Allen has what it takes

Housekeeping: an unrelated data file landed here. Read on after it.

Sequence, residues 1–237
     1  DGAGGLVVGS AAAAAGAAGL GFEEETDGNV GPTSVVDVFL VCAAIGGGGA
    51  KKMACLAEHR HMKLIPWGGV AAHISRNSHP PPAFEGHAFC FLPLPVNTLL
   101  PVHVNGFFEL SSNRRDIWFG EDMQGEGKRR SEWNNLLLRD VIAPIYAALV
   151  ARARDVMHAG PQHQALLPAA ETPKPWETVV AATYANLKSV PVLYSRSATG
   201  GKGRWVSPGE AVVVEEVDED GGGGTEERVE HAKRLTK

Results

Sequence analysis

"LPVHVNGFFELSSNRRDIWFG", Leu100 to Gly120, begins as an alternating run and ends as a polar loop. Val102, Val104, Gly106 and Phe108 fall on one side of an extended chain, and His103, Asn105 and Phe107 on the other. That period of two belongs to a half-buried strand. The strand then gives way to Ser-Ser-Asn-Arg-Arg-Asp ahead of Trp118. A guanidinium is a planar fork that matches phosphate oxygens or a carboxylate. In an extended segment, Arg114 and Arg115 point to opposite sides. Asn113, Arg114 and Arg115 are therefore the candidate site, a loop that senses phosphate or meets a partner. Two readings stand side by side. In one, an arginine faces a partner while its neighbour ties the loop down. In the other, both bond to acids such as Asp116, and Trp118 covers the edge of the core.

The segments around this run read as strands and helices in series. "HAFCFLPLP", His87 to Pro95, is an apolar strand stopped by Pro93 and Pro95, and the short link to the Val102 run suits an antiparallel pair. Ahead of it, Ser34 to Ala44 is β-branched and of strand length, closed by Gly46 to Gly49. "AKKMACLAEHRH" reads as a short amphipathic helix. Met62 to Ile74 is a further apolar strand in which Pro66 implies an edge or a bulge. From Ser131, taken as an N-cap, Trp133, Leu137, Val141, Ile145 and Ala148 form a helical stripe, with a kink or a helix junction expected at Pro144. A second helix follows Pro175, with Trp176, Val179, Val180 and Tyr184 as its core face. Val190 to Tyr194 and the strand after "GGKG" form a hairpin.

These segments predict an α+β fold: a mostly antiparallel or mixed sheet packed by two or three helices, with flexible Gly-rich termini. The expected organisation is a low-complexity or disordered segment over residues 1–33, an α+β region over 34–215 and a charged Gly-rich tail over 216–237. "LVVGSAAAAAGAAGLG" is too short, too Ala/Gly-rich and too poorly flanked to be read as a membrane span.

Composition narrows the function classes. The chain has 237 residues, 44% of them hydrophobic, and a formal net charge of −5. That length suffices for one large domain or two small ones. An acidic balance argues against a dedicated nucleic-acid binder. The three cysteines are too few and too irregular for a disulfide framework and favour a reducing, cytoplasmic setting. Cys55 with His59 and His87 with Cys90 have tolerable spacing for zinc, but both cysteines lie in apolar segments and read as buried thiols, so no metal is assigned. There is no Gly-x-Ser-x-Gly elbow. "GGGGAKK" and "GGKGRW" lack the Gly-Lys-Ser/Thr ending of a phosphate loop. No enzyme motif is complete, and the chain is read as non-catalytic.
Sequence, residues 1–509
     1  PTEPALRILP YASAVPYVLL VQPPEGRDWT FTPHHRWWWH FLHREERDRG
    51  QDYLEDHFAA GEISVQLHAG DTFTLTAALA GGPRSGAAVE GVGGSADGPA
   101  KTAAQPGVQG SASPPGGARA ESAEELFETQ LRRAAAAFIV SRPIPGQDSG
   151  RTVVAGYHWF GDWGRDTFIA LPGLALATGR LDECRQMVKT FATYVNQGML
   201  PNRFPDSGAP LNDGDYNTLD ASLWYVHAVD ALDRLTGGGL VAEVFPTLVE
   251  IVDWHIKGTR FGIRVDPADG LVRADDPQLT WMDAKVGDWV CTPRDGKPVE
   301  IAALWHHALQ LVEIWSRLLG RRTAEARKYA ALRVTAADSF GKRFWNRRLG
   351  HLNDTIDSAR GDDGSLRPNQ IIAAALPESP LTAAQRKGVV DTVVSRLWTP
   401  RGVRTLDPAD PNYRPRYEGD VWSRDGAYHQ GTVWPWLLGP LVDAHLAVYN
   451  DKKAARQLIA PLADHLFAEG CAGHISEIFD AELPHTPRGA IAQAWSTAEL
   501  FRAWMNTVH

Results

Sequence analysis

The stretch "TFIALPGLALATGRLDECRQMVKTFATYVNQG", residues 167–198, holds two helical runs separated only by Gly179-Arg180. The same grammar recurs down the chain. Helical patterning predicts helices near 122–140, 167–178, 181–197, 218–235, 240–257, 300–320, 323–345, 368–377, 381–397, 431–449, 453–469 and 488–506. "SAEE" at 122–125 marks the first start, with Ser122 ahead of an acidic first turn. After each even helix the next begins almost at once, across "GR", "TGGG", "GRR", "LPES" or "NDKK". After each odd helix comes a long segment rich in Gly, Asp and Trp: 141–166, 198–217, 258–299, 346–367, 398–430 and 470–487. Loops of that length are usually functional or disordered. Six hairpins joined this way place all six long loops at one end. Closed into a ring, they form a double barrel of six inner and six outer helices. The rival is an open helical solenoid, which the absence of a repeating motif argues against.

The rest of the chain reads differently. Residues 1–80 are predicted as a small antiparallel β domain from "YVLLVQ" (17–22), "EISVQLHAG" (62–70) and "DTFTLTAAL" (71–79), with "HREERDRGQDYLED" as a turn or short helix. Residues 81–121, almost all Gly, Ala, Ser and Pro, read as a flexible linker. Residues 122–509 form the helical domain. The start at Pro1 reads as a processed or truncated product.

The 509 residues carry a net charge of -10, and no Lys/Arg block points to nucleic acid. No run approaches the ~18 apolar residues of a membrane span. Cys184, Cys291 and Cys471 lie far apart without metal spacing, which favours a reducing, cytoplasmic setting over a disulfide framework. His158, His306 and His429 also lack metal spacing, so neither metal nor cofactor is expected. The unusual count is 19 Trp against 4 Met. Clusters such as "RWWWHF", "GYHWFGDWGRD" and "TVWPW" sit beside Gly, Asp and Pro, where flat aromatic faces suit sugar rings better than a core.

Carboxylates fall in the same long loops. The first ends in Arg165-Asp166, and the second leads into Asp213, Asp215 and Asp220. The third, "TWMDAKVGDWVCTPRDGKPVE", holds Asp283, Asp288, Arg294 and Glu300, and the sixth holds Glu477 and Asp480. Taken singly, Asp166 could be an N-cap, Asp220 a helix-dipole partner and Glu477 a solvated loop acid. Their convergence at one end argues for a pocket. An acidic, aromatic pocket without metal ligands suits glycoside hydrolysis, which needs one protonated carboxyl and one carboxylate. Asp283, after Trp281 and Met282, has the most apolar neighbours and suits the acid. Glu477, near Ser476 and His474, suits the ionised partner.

first_img Last to go among a 31-strong field, 19-year-old Allen had it all to do after Belgian Constant van Paesschen clocked 59.92 seconds in the one-round class on Ralphy Utopia de Ransbeck. And Allen did not disappoint, as he claimed the £4,700 winner’s purse on with Wild Thing L, jumping clear in 58.16 seconds. Allen, who finished seventh individually at the World Equestrian Games earlier this year and was runner-up in the Longines King George V Gold Cup at Hickstead, is among the sport’s hottest properties. “It definitely wasn’t effortless,” Allen said. “Constant had set a really fast time, so we had to give a lot to beat him.” Germany’s Daniel Deusser won the opening international class on Friday after staving off Swiss rider Martin Fuchs and a strong British challenge. Deusser clocked a winning time of 32.71 seconds on Soory de l’Hallali to land The Levy Restaurants Snowman Stakes, with Fuchs 1.2 seconds behind aboard Uzo van het Hobos Z. British star and former world number one Ben Maher was third on Wings Sublieme, with home riders also filling the next four places – Tim Gredley (Unex Arantos), William Whitaker (Glenavadra Brilliant), Michael Whitaker (Cassionato) and Robert Whitaker (Zantos II). The new-style competition saw riders placed into seven groups, and the best of each group went through to a jump-off. “It’s a different sort of class because you can go clear and still not get through to the jump-off, but it’s fun to do something different,” Deusser said. Irish showjumping sensation Bertram Allen lit up the London International Horse Show at Olympia by claiming a thrilling victory in the Christmas Speed Stakes.center_img Press Associationlast_img read more